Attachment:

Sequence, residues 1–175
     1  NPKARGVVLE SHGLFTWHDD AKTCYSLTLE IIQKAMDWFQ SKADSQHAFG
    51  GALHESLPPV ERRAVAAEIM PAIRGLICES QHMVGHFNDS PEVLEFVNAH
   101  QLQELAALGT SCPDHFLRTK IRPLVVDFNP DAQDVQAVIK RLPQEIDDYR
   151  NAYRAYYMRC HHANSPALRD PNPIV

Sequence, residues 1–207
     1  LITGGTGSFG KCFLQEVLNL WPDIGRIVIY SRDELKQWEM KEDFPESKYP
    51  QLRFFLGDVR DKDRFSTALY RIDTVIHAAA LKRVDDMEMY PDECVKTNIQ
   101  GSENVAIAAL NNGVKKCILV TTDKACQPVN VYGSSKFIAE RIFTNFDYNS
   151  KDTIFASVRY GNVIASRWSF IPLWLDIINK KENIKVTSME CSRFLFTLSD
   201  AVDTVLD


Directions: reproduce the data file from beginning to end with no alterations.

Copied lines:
Sequence, residues 1–175
     1  NPKARGVVLE SHGLFTWHDD AKTCYSLTLE IIQKAMDWFQ SKADSQHAFG
    51  GALHESLPPV ERRAVAAEIM PAIRGLICES QHMVGHFNDS PEVLEFVNAH
   101  QLQELAALGT SCPDHFLRTK IRPLVVDFNP DAQDVQAVIK RLPQEIDDYR
   151  NAYRAYYMRC HHANSPALRD PNPIV

Sequence, residues 1–207
     1  LITGGTGSFG KCFLQEVLNL WPDIGRIVIY SRDELKQWEM KEDFPESKYP
    51  QLRFFLGDVR DKDRFSTALY RIDTVIHAAA LKRVDDMEMY PDECVKTNIQ
   101  GSENVAIAAL NNGVKKCILV TTDKACQPVN VYGSSKFIAE RIFTNFDYNS
   151  KDTIFASVRY GNVIASRWSF IPLWLDIINK KENIKVTSME CSRFLFTLSD
   201  AVDTVLD